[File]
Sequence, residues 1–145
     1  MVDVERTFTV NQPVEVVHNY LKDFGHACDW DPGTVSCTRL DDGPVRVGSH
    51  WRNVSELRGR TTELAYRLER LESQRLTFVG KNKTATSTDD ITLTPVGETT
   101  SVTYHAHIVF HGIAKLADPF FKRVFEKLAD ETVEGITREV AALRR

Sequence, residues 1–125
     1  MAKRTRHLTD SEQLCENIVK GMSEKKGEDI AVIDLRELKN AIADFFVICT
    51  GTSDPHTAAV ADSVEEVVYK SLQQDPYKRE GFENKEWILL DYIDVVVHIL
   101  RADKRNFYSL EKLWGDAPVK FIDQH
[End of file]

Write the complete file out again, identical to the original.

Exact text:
Sequence, residues 1–145
     1  MVDVERTFTV NQPVEVVHNY LKDFGHACDW DPGTVSCTRL DDGPVRVGSH
    51  WRNVSELRGR TTELAYRLER LESQRLTFVG KNKTATSTDD ITLTPVGETT
   101  SVTYHAHIVF HGIAKLADPF FKRVFEKLAD ETVEGITREV AALRR

Sequence, residues 1–125
     1  MAKRTRHLTD SEQLCENIVK GMSEKKGEDI AVIDLRELKN AIADFFVICT
    51  GTSDPHTAAV ADSVEEVVYK SLQQDPYKRE GFENKEWILL DYIDVVVHIL
   101  RADKRNFYSL EKLWGDAPVK FIDQH